UC Berkeley entrepreneurs attended the Kairos Society 2013 Global Summit, an international gathering of business leaders and the most talented student entrepreneurs worldwide.
The Kairos Society selected five student ventures from UC Berkeley to showcase as part of the “Kairos 50” at the summit, which was held from Feb. 22 to 23. The society recognized the top 50 undergraduate student ventures out of more than 2,000 applicants this year. The applicant pool encompassed a total of 30 countries and 100 universities worldwide.
Politify.com was one of the UC Berkeley teams chosen to present at the New York Stock Exchange. Founded by recent graduate Nikita Bier and current UC Berkeley junior Jeremy Blalock, Politify is an online tool that uses graphic models to visualize the impact of economic policies on a federal level.
Since receiving national media attention during the presidential election last fall, Bier and Blalock have decided to shift the startup’s business focus to a policy-simulation platform after considering the advice of mentors at the summit. Consequently, Bier and Blalock have changed their brand to Outline.com, which aims to model the impact of economic policies at the city and state level.
“(Mentors at the summit) said we were working on a really good problem that wasn’t going to be easy to solve,” Bier said.
Another UC Berkeley startup company that presented was Dreambox, whose practical product development strategy helped it become one of the Kairos 50. Dreambox, founded by campus senior William Drevno and recent graduate Richard Berwick, aims to make free 3-D printing accessible to the general public, beginning with the UC Berkeley campus.
“I think we’ve definitely done well with getting a prototype out there as fast as possible and testing it,” Drevno said. “So, you know, trying not to build something as perfect as possible but building something that users would like to use.”
The Bay Area chapter of the Kairos Society, an organization on the UC Berkeley campus founded by undergraduates Jeremy Fiance and Carl Shan and recent UC Berkeley graduate Henry Wang, also sent 20 UC Berkeley students to the summit to exchange ideas with peer entrepreneurs and mentors.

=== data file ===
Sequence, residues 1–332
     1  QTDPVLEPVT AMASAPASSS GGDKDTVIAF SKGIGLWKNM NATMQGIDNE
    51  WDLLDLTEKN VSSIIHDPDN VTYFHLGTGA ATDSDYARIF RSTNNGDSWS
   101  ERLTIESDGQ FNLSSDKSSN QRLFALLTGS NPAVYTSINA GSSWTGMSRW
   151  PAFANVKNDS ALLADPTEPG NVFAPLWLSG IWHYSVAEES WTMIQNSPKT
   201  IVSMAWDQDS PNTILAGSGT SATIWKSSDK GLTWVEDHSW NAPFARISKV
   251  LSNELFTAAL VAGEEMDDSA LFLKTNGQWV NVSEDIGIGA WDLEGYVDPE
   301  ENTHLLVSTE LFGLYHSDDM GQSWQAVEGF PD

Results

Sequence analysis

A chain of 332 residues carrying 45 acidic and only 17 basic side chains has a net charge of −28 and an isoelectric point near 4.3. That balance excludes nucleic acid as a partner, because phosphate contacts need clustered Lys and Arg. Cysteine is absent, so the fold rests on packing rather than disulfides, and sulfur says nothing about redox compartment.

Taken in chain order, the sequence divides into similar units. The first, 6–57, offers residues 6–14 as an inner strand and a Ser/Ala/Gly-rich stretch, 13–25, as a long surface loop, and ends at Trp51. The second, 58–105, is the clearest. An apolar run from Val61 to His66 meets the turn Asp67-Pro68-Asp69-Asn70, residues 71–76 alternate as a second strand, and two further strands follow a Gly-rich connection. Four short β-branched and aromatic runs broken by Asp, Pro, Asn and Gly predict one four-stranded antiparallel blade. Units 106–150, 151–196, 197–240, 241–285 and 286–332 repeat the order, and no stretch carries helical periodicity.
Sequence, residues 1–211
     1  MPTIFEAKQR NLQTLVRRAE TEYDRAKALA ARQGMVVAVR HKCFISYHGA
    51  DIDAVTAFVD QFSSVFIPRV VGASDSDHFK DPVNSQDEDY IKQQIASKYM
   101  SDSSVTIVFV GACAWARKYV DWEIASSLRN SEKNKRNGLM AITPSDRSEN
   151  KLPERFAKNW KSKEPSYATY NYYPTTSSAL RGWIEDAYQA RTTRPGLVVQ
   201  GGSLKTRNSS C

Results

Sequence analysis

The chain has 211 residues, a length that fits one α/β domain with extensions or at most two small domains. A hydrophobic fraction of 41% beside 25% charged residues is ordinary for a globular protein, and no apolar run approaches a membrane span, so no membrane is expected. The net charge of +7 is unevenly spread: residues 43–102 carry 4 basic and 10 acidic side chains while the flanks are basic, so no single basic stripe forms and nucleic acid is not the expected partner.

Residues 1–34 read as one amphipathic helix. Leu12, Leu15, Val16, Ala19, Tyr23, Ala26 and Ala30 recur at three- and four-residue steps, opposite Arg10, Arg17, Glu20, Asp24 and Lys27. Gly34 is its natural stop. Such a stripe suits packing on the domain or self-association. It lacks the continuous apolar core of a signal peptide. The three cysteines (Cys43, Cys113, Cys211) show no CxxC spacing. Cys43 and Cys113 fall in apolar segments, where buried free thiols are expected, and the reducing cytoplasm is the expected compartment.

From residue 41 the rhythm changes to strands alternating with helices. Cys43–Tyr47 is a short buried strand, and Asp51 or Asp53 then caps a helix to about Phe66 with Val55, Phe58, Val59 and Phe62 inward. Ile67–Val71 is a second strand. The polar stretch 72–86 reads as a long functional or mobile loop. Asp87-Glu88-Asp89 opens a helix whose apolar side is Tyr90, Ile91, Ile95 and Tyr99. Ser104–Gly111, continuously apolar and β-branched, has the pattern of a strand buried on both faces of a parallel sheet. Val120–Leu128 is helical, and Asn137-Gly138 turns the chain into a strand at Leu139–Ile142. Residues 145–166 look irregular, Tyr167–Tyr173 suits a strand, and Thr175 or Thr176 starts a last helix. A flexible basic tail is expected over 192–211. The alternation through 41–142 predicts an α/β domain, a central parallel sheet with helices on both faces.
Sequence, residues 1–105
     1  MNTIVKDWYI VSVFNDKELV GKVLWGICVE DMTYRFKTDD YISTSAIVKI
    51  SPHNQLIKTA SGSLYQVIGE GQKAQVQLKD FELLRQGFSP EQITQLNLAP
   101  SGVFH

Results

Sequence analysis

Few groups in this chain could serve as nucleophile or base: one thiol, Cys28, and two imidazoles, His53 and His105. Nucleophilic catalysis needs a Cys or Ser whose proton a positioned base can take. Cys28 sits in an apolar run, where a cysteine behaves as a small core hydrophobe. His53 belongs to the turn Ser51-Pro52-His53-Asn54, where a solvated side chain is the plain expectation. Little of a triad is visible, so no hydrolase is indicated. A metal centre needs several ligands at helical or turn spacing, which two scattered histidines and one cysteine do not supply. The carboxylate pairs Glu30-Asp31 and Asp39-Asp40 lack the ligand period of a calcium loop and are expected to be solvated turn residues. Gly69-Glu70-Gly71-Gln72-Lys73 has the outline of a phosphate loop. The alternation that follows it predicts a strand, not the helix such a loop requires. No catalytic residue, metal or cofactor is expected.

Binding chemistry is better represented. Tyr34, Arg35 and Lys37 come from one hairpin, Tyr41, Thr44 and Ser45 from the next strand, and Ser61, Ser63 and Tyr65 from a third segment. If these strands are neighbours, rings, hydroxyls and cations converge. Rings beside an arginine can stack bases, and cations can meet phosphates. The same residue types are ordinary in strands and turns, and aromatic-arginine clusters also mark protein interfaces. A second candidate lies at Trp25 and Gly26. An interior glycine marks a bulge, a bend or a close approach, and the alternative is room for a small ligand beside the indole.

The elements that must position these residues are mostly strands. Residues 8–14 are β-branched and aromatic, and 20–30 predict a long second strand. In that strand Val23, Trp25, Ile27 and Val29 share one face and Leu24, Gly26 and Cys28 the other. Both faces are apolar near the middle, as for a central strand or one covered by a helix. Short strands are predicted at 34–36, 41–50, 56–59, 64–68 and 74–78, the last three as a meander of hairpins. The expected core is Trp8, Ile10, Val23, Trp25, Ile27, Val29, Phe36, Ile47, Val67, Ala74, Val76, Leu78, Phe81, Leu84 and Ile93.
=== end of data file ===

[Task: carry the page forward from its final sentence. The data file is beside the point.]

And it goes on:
“We’re looking for ventures that have the potential to disrupt an industry,” said Director of Global Membership Kelly Baldwin. “We’re not looking for ideas — we’re looking for companies that are a little farther along in their startup.”
Other criteria included the well-roundedness of teams and their potential for generating a variety of new technologies and innovations.
“I think part of what made (Bier and Blalock) successful is that they brought a team from different disciplines to create a unique dynamic that has allowed them to merge technology and politics,” Fiance said.
Bernt Wahl, an industrial fellow in the UC Berkeley Center for Entrepreneurship and Technology, serves as a faculty adviser for the Bay Area chapter of the Kairos Society and emphasized the significance of the Kairos Society Global Summit as an opportunity for young entrepreneurs to learn from today’s CEOs, intellectuals and business leaders.
“We get to give something back to future generations, and we get to keep the ball rolling,” Wahl said. “We were very fortunate today to have a big impact on the world, and we get to be the ones to … pass the torch of entrepreneurship to a new generation.”
The other UC Berkeley companies showcased at the event were Sportaneous, a marketplace for fitness classes; M3D, a medical search engine, VIRES, which develops high-growth sustainable products, and Nanoly Bioscience, which created a polymer to allow vaccines to survive without refrigeration.
Contact Yvonne Ng at [email protected].
A previous version of this article only listed Jeremy Fiance and Carl Shan as founders of the Bay Area chapter of the Kairos Society. In fact, recent UC Berkeley graduate Henry Wang is also one of the founders. The previous version also incorrectly stated that five student ventures from UC Berkeley were part of “Kairos 50.” In fact, six student ventures participated. The sixth one previously not mentioned was VIRES.